Researchers find promising new antibiotic in worm gut microbiome

According tomedia reports, humans are in urgent need of new weapons against infectious bacteria, especially those that are hard to kill. Now, researchers from northeastern universities in the United States have discovered the weapon in a tiny parasitic worm. So far, mouse experiments have shown that this is promising.

Researchers find promising new antibiotic in worm gut microbiome

For decades, humans have gained the upper hand in competing with bacteria by using antibiotics, but the massive use has led to bacteria evolving to acquire resistance to these drugs. Develop new drugs to defeat bacteria, bacteria evolve to produce resistance, continue to develop new drugs to defeat bacteria, bacteria continue to evolve to produce resistance … And when this cycle breaks down, humans are put at a disadvantage.

We know that developing new drugs is a time-consuming and labor-intensive process, and that bacteria have evolved drug resistance faster than people can catch up with, and there are even “superbugs” that are resistant to all known drugs. In response, a recent report warned that superbugs could kill up to 10 million people a year by 2050, returning humanity to the “dark ages of medicine”.

“We’re running out of antibiotics,” said Kim Lewis, director of the Center for Antibacterial Drug Discovery (ADC) at Northeastern University and lead researcher on the new study. “

Researchers find promising new antibiotic in worm gut microbiome

Fortunately, humans aren’t the only creatures that want to kill bacteria — other bacteria are also looking for new weapons to kill competitors. So a promising path was found by scientists. The team from ADC did just that, finding the new antibiotic, called darobactin, in the gut microbiome of the online bug. These small bugs are parasites that live in the digestive systems of caterpillars and other insects. When they live, they release a bacterium called Photorhabdus, which kills caterpillars so that the bugs and bacteria can enjoy the caterpillars.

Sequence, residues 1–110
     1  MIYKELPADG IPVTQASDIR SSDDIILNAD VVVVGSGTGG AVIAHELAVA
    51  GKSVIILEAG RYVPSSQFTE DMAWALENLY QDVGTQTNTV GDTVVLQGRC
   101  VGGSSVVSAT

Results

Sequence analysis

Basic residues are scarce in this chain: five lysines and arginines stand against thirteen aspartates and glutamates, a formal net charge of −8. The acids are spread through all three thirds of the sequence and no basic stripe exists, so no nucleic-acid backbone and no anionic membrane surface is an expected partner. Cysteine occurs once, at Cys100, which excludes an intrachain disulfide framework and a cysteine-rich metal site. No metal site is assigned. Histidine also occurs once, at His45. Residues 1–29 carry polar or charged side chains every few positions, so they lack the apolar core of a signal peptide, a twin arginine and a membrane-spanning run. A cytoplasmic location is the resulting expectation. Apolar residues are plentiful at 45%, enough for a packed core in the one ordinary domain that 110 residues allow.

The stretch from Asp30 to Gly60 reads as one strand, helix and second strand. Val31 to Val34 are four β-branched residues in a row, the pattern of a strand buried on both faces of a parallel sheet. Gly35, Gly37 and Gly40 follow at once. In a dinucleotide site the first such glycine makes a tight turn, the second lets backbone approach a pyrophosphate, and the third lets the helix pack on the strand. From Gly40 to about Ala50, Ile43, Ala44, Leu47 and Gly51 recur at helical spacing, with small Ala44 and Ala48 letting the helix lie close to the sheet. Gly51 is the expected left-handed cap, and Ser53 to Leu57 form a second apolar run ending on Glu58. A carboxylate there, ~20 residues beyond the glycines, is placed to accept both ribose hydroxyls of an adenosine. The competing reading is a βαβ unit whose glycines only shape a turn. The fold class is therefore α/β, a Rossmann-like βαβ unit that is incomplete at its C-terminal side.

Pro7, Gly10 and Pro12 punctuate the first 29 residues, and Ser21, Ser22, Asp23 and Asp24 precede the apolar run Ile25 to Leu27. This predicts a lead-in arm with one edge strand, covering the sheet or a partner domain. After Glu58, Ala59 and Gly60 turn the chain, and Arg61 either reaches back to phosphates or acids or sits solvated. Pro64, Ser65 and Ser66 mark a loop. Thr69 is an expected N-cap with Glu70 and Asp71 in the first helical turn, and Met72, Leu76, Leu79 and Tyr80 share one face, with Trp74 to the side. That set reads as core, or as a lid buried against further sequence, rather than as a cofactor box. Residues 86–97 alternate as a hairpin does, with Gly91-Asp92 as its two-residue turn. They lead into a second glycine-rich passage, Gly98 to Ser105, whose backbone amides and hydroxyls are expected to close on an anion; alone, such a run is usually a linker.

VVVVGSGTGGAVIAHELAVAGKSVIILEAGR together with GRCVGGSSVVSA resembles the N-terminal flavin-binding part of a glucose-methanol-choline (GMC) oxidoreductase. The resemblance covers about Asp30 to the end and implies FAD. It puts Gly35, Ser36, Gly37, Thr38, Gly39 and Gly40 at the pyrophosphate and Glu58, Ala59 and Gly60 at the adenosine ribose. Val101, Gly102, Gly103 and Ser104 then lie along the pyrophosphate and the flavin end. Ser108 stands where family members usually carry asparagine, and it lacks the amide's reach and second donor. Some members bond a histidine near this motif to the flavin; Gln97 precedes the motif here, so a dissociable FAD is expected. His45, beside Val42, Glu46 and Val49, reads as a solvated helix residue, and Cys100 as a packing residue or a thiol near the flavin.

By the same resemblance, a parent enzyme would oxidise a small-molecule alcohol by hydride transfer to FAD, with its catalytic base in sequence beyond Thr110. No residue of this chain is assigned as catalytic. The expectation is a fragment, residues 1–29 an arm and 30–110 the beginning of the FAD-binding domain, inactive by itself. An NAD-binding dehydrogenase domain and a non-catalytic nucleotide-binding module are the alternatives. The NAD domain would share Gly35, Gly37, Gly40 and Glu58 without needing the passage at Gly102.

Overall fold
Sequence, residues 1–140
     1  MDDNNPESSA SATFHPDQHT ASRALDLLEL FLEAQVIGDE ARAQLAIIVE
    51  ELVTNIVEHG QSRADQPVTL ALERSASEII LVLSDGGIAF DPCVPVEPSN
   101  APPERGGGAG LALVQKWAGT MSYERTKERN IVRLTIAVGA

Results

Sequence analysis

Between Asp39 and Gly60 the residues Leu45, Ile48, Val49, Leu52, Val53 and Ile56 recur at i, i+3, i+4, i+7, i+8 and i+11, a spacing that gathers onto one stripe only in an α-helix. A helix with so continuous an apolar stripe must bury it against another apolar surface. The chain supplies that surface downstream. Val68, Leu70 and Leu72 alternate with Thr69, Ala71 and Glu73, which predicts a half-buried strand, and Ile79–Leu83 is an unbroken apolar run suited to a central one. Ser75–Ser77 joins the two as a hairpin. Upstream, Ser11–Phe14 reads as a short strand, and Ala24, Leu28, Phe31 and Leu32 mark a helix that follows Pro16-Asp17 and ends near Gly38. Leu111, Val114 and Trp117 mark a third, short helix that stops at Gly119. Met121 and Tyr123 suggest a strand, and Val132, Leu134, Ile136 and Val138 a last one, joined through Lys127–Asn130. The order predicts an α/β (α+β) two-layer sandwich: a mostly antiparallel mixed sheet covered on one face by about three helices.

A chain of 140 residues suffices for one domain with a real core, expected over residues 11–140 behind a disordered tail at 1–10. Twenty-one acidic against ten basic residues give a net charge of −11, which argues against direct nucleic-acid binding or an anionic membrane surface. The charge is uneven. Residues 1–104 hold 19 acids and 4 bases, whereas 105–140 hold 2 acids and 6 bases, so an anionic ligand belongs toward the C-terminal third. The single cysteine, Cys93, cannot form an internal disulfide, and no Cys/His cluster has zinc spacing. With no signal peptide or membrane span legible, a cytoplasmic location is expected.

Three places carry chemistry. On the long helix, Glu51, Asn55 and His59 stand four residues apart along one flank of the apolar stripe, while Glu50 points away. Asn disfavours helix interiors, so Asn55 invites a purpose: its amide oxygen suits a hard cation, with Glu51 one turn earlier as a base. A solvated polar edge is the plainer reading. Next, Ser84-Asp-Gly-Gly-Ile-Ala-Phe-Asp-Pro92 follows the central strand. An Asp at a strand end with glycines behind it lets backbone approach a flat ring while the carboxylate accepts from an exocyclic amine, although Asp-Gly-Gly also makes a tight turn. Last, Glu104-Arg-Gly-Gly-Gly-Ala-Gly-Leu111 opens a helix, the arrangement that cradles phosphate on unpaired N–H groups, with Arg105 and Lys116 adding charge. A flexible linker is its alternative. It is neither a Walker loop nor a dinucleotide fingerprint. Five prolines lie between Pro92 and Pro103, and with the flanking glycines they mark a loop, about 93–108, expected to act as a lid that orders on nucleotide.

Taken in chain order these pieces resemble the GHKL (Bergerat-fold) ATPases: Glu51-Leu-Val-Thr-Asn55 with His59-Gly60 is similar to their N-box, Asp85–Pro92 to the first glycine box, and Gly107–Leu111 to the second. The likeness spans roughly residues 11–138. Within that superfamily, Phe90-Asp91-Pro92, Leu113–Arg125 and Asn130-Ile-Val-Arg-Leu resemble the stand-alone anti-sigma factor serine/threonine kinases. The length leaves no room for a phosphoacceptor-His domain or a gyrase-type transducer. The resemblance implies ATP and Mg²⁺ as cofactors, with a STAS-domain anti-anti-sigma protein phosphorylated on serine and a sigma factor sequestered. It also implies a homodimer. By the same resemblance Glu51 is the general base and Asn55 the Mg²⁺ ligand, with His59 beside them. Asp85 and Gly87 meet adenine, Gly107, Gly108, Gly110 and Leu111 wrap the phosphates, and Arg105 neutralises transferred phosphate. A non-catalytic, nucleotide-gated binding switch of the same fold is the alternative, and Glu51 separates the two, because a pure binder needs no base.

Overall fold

To prevent other opportunistic microbes from stealing food, Photorhabdus also produces an antibiotic compound, which is the basis of darobactin.

Importantly, the new compound can kill Gram-negative bacteria. Gram-negative bacteria are known for their tenacity and have a second layer of membrane on their cell walls. The researchers found that darobactin binds to a protein called BamA, which interferes with bacteria building cell wall mechanisms and killing them.

The researchers tested the drug’s effect on Gram-negative bacteria in experimental mice, and the results showed that it was effective. While bacteria may eventually become resistant to any new drug, the team notes an interesting detail — the evolution of drug-resistant bacteria that has lost the ability to infect mice because the BamA protein is too important for bacteria.

Of course, while the results in mice and laboratory petri dishes may seem promising, they may not be applicable to humans. But the team is hopeful for the next study.

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